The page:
moisture, keeping your soil moist for longer, and it also floats up to
the top of the soil when you water your garden, making it look
The composition of the compost is
important too. Most commercial bags of compost are only made up of one
or two ingredients. To grow great fruit and vegetables you need at
least five different composting materials. Therefore, it is advisable
to buy five different types of commercial compost and mix them, or the
best solution would be to make your own in your own backyard from
vegetable scraps, grass clippings, leaves and farmyard manure. You can
make compost very quickly. See our article on compost
making using wormsand making compost
The depth of your boxes and soil would
be fine at 6 inches. The richness of the soil mix provides all the
necessary nutrients for your plants and therefore there is no need for
further depth to your soil.
Square Foot Gardening: Placing a Permanent Grid
Once you have built your
filled them with soil you will be tempted to start planting straight
away. Don't! You need to build an additional grid that will be a
permanent feature of your boxes. On a 4x4 foot frame you will have a
grid with 16 squares. This is your guide as to where you will need to
put your plants.
This grid can be made out of strips of
wood, doweling etc. and can be left on your frame throughout the year.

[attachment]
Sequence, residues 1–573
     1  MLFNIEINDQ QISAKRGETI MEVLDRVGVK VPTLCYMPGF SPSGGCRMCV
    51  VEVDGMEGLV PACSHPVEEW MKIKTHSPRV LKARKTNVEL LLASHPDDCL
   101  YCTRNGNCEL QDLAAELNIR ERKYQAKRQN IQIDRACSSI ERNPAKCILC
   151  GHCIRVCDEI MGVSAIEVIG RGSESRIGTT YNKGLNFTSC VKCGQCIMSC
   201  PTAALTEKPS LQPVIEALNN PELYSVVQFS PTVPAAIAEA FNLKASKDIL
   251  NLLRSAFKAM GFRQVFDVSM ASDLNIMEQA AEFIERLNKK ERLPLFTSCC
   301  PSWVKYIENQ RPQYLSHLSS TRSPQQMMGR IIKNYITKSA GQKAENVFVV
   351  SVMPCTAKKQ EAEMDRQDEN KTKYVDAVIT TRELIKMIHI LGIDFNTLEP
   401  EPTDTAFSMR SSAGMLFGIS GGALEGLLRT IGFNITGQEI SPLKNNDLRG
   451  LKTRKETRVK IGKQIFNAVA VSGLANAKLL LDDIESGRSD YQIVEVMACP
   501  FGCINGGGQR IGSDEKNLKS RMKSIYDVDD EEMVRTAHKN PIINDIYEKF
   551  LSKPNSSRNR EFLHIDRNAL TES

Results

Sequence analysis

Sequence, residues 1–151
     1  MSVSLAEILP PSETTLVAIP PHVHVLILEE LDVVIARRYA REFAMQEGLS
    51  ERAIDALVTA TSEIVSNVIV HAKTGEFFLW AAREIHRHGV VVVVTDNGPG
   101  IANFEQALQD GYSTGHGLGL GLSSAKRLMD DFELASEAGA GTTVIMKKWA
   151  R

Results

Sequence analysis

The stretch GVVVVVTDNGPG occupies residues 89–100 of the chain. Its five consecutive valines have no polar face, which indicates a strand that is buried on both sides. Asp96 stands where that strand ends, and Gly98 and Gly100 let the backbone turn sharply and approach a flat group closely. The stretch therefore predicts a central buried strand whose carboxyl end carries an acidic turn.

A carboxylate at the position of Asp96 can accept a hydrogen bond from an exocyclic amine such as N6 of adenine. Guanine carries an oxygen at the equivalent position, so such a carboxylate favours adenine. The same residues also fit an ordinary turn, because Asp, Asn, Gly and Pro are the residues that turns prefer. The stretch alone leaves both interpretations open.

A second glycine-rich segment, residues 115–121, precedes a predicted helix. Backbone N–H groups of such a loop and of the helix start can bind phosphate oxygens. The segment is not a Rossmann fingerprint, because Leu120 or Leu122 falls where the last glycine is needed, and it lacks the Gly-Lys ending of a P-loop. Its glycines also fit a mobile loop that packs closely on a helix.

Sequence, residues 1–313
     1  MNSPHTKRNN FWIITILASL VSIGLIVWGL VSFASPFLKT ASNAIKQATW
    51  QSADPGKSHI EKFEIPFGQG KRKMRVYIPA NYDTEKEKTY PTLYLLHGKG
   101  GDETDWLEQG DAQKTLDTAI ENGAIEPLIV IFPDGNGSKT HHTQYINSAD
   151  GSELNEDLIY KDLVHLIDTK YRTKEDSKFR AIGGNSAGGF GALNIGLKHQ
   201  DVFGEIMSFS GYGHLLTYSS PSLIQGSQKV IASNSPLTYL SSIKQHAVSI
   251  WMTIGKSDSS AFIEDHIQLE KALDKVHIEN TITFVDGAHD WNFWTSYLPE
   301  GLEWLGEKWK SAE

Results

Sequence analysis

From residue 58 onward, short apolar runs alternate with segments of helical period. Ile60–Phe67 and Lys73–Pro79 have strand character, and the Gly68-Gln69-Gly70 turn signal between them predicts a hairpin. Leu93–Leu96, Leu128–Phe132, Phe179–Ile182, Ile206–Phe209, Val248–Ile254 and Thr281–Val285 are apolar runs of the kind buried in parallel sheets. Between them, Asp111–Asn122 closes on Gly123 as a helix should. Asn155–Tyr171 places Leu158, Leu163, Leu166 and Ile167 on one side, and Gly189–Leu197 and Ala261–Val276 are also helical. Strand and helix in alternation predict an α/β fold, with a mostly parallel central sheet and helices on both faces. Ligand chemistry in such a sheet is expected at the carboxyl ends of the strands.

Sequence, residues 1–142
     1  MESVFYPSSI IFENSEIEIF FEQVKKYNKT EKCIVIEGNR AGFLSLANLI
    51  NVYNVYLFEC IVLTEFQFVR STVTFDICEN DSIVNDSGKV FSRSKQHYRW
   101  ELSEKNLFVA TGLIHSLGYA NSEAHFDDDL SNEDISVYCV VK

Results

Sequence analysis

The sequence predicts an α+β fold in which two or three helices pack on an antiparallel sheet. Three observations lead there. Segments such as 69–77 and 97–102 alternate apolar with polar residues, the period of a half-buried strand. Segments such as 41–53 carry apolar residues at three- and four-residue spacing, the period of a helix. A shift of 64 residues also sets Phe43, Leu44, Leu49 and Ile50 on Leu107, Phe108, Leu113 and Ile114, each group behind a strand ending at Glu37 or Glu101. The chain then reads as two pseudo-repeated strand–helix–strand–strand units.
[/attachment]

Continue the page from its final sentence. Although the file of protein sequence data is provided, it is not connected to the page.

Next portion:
With the grid you will be planting according to the squarefoot
gardening method, without it, you will be tempted to go back to
planting in rows.
Square Foot Gardening: Planting the Seeds
With the square foot
method of gardening, no
longer are we left
with a surplus of crops we don't know what to do with, nor do we end up
thinning out crops which results in further wastage. Instead each
square is planted with exactly the right number of seeds that you will
be harvesting. For example 4 seeds of lettuce in one square foot of
garden is all you need to harvest 4 lettuces at the end of it. If you
want to harvest more lettuces you will plant accordingly. But at the
end of the day, you only plant the number of seeds that you want
However, no one family would ever end
up eating more than 4 lettuces a week. So what one needs to do is to
validate what you plant, and make sure that you plant successively to
extend your harvesting season. This is done by planting another 4 seeds
a week or two later. That way you can eat what you plant, without
ending up with a glut.
The essence of the square foot method is that when
you plant your seeds you space them according to the final thinning